A boost for maternal health through Boresha scholarships
By Robert Rapando & Lucy Ntongai
Bungoma County is located in Western Kenya and serves a population of close to 1.4million people. Despite the fact that access to healthcare services is critical to good health, most of the rural residents still face a variety of barriers to accessing quality health care. One of the major barriers is the remote location of some of the health facilities which makes it difficult to retain health workers due to poor infrastructure and unavailable social amenities. This poses a human resource challenge to the County Ministry of Health and as a result affects service provision.
“Staff recruited and posted to health facilities in the outskirts of Bungoma County tend to seek transfers or resign after a very short period, and this denies local communities access to health services,” says Mr. John Ndombi a Human Resource Officer in the county health department.
To help address the human resource challenge, Save the Children with funding from Glaxo Smith Kline has partnered with the Bungoma County Government to provide scholarships for students pursuing nursing and midwifery courses in Bungoma County.
The programme targets needy students especially those hailing from the affected remote areas, who have an interest in pursuing nursing and midwifery courses. The goal is to train individuals who are committed to serving in the marginalized areas of the County.. An agreement between Save the Children and Bungoma County Public Service Board stipulates that the board will, employ and bond the graduates for a period of three years. The program aims to improve access to quality and equity of essential health care services for all residents.
Jesse Wangila, 31 is among 31 other students who have benefited from the Boresha scholarship programme. He graduated in June 2016 and is currently volunteering at Bungoma County Referral hospital as he awaits employment.
Jesse’s journey of resilience amidst poverty
A third born in a family of five Jesse says getting education was not easy for him and his siblings: “I often stayed home for lack of school fees, so I was six classes behind compared to my age mates. I completed high school on 2007, but I stayed home afterwards, as my parents could not afford fees to take me to college. All my siblings stayed home and none of us had a job despite completing our O level.”
“In 2008, I got a job at a local carpentry workshop and I was happy as I thought the new job would make my life better. A few months later, my contract was terminated due to low business. I later tried vegetable farming and also kept some poultry.”
Jesse says he used the profits from the poultry rearing to enroll into a technical college. He however dropped out after one semester as he was unable to run the business and study at the same time. “I decided to concentrate on farming and used the profits to support my sister who joined university in 2010. I also started my own carpentry workshop,” says Jesse.
Breakthrough thanks to Boresha scholarships
“Two years later, I had raised Kshs. 60,000 (£462), which I used to join the Kenya Medical Training College (KMTC). Given the competitive nature of the college, I did not secure a direct entry to benefit from government sponsorship so I had to pay slightly higher fees as a self-sponsored student. My teachers and fellow students knew I was struggling but they did not have an immediate solution to bail me out. I had to go farm in between the college breaks to raise my fees. This really affected my self-esteem and my concentration on studies,” says Jesse.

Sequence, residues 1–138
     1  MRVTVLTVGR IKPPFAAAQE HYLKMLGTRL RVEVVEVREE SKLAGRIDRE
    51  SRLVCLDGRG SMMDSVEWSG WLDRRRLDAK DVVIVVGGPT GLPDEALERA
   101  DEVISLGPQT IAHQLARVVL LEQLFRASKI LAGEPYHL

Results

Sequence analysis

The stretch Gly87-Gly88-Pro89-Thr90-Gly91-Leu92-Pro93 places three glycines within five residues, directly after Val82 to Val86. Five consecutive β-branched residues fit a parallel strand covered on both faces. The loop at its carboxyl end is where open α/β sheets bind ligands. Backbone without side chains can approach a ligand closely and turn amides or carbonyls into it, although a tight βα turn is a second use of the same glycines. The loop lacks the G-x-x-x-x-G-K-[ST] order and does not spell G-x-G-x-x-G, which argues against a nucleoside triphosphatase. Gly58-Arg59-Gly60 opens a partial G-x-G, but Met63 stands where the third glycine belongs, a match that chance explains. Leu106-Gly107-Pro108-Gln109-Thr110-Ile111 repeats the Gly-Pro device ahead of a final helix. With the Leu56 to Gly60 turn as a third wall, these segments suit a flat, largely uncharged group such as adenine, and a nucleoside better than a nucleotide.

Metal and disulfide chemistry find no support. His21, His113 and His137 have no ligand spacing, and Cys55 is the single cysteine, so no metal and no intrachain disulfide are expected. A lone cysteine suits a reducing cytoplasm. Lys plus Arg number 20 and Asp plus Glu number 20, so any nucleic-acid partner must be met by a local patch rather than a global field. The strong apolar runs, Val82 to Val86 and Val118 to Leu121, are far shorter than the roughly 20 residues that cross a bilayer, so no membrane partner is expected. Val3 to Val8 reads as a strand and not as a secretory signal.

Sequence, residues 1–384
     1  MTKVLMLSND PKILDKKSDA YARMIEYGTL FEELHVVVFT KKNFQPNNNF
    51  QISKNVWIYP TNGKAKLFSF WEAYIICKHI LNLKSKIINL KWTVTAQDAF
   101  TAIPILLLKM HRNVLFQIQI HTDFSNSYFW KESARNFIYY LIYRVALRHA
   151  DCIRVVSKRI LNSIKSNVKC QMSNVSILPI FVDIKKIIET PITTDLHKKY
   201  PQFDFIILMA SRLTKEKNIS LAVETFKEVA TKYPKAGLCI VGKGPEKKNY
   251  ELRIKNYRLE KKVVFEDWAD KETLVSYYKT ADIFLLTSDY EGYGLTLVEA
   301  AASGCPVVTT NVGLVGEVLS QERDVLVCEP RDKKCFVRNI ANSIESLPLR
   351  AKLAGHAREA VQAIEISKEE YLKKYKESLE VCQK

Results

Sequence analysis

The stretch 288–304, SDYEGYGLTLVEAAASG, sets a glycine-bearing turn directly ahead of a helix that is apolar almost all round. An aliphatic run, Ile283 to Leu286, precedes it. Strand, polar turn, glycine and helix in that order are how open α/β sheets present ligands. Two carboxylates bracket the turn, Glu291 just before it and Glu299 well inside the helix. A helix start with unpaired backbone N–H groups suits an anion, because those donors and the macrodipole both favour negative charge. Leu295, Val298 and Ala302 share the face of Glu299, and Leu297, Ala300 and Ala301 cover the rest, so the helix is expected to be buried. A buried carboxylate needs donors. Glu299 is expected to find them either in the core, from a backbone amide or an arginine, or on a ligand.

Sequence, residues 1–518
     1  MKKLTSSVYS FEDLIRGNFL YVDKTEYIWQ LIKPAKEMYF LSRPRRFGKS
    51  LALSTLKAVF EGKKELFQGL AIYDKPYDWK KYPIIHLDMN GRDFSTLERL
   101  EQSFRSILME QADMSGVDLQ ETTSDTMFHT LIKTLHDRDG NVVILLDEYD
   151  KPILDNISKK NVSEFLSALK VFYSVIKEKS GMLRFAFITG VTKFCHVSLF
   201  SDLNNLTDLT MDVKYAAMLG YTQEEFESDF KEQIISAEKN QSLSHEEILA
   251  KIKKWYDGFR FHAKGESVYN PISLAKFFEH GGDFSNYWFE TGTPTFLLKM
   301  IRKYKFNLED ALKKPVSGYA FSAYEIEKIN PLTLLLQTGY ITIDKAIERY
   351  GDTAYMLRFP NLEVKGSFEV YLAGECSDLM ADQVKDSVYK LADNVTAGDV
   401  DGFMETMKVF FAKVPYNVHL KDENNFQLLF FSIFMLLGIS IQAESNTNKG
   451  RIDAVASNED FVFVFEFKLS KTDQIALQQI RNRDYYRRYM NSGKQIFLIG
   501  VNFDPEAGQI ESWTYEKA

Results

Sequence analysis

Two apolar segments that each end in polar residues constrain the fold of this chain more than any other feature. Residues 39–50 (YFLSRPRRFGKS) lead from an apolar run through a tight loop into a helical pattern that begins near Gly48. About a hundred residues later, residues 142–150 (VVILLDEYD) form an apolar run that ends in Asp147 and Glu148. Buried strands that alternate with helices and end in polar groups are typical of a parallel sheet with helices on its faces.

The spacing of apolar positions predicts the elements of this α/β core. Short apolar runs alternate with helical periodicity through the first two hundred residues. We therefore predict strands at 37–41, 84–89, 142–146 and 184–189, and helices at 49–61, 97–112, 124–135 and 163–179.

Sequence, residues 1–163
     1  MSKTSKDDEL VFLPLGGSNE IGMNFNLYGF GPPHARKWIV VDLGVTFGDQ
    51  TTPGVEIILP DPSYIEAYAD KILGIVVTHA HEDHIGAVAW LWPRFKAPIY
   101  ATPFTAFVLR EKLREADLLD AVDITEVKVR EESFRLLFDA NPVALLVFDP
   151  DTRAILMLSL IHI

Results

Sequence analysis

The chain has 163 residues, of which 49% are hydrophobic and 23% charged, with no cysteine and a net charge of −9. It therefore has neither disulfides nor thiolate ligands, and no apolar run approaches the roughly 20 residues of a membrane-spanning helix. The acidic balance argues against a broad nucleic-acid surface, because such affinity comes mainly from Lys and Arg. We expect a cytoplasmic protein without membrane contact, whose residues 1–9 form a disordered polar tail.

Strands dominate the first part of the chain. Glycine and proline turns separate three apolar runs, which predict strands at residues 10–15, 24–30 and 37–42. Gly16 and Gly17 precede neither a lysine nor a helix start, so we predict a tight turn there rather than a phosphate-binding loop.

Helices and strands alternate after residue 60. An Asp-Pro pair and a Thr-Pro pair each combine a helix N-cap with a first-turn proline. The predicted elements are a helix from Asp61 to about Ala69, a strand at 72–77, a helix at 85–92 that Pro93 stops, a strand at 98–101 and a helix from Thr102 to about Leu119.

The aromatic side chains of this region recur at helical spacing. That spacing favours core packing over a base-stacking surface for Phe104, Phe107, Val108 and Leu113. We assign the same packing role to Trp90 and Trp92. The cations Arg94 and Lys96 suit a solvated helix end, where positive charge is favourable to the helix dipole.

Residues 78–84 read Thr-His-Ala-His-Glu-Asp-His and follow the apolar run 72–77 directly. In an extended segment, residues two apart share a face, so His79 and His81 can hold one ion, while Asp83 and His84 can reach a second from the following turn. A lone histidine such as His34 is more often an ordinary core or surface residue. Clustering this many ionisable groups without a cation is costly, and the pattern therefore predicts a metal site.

Khakina, a Lecturer at Bungoma KMTC, says: “Jesse joined the college when other students had studied for almost a month. Ordinarily, we do not allow such students but in his case, I saw the passion in him and I decided to allow him to join. He seemed disturbed, yet determined to succeed.”
When I saw the Boresha scholarships advert at the college, I applied. At the time, I had a school fees balance of Kshs. 150,000 (£1154) I had previously applied for bursaries without success,” says Jesse
“The Boresha scholarship gave me an opportunity to settle down and concentrate on my studies. Now I see the future from a different angle. I want to change my community for the better. I am happy to say that I am now saving lives despite this ongoing nurse’s strike. My life and that of our community has greatly changed thanks to the Boresha scholarship!” says Jesse.
This interview was conducted at Bungoma County Referral Hospital as Jesse was attending to patients, despite an ongoing nurse’s strike affecting all public health facilities in Kenya. Having completed his college training, Jesse is volunteering at the County referral hospital as he awaits employment by the County government.
Save the Children with funding from GlaxoSmithKline, is implementing a maternal and newborn health project in Bungoma County. The program aims to achieve a reduction in maternal and newborn deaths by 2018, impacting the lives of an estimated 16,468 newborns and 22,550 pregnant women.
Staff shortages especially nurses in rural primary health facilities that provide maternal health services is one of the key reasons that pregnant women and newborns in the county die from preventable causes. Bungoma County has one nurse per 1,904 people. This is considered a ‘critical shortage’ according toWorld Health Organization (WHO), which recommends 2.28 workers per 1,000 people (Bungoma County HRH Strategic Plan, 2017 – 2022).
Noting that availability of academic funding is one of the most pressing needs in higher education today, provision of scholarships then becomes an effective way to allow needy students to attain their educational ambitions while strengthening health service delivery.
The programme has so far supported 32 students. Four have graduated and are currently working at health facilities in various parts of Bungoma County.